After you’ve witnessed the majesty of space on “The Wonders of the Solar System,” maybe you’ll be craving something a little more Earthbound. If that’s the case, may I suggest another British release from BBC Video, “Skins.”
Now in its third “series” (as they say across the pond), “Skins” focuses on a group of roughly high school-age students and their various adolescent trials and tribulations. Each series brings a new group of kids, but the themes remain the same: sex, drugs, family troubles and all the other elements that make growing up such a pain. If you’re a fan of “Gossip Girl” or other teen dramas and you’d like to see the same sort of thing, only better, more daring and full of British accents, check out “Skins.” All three series are available on DVD, with the third just out. Each set includes several episodes, plus numerous bonus features.
— Will Pfeifer
Make room in your collection
Some DVDs out Tuesday
“30 Rock: Season Four”: This season of the fast-paced NBC comedy started out a little rough, but by the end it was full of funny stuff we expect. (This is only one of many DVD sets out this week in preparation for the imminent fall season. Let’s count them, OK? One...)
“Bored to Death: The Complete First Season”: Jason Schwartzman, Ted Danson and Zack Galifianakis star in this low-key comedy about an amateur detective. (Two...)
“Community: The Complete First Season”: Maybe the funniest new show of last season, with great comic turns from Joel McCale and (believe it or not) Chevy Chase. (Three...)
“Desperate Housewives: Complete Sixth Season”: Is this show still on the air? Apparently. (Four...)
“Directors: Life Behind the Camera”: Tim Burton, James Cameron, Ron Howard, Martin Scorsese, Oliver Stone and other big-name directors discuss their work.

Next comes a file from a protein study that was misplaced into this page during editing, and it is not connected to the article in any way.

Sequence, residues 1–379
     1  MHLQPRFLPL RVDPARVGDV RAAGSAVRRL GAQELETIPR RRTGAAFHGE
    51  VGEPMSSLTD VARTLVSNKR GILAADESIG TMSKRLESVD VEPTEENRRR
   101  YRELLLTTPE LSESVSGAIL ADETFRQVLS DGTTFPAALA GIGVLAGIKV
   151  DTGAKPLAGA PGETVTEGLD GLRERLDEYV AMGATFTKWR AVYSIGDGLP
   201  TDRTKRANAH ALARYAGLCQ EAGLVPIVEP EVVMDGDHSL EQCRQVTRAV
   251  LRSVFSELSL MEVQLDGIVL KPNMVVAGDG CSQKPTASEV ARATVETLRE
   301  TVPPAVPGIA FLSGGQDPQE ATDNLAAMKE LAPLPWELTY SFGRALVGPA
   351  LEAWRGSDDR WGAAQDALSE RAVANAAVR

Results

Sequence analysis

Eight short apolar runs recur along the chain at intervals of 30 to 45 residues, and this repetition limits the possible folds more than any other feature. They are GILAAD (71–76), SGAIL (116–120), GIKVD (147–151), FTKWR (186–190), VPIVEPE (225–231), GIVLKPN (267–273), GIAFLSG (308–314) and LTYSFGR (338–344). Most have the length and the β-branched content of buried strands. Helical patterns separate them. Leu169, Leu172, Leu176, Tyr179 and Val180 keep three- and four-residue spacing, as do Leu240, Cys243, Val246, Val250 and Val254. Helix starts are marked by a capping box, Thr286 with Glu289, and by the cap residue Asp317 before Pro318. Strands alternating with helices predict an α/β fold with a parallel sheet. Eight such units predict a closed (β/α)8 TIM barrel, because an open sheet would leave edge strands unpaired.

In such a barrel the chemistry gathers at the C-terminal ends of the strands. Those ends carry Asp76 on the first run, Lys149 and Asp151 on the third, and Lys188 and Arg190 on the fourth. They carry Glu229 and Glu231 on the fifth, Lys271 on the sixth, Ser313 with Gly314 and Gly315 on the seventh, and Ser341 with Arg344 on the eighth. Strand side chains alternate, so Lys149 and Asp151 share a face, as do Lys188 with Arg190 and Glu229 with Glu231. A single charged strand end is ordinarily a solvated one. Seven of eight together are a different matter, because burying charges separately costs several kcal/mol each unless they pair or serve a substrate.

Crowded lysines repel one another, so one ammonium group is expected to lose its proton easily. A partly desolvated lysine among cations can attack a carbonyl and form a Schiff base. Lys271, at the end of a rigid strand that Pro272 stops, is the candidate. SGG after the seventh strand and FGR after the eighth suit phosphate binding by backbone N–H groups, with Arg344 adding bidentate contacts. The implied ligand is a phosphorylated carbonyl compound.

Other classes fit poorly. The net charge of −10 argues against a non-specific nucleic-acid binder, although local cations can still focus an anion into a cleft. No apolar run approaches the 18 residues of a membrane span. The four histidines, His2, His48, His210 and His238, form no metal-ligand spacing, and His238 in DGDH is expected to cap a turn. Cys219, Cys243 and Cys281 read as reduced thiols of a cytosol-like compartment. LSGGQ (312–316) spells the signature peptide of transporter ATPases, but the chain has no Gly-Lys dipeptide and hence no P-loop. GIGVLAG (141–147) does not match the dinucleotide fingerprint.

“Ice Age 3-Dawn of the Dinosaur 3D”: More computer-animated prehistoric comedy, and, of course, it’s in 3-D.
“Modern Family: The Complete First Season”: A very funny show that puts a new spin on the old family formula. (Five...)
“Robin Hood”: Russell Crowe picks up a bow in this big-budget retelling of the age-old story.
“Tinker Bell And The Great Fairy Rescue”: My daughter has been waiting for this movie for what seems like forever. Maybe yours has, too.
“Two and a Half Men: Season 7”: Charlie Sheen is the highest paid actor on TV. Think about that. (Oh, and that’s six TV DVD sets. More to come next week.)
Selena Gomez & The Scene, “A Year Without Rain”: Sure, a year without rain sounds good, Selena, but in reality it would lead to famine and tragedy.
Santana, “Guitar Heaven: The Greatest Guitar Classics of All Time”: Santana rocks out, with guest appearances by Chris Cornell, Rob Thomas, Gavin Rossdale, Joe Cocker and, of course, Yo Yo Ma.
John Legend & The Roots, “Wake Up!”: Perfect for your alarm clock, obviously.
Randy Houser, “They Call Me Cadillac”: Funny, you think they’d call him Randy.
Rhonda Vincent, “Taken”: Not the soundtrack to the Liam Neeson action thriller. Sorry.
Black Country Communion, “Black Country Communion”: And we have a winner for least imaginative title of the week.
Maximum Balloon, “Maximum Balloon”: Wait! We have a tie!
Johnny Mathis, “Let It Be Me: Mathis In Nashville”: Mathis records Nashville classics with appearances by Allison Krause and Lane Brody.
— Will Pfeifer
Sources: dvdtalk.com, tophitsonline.com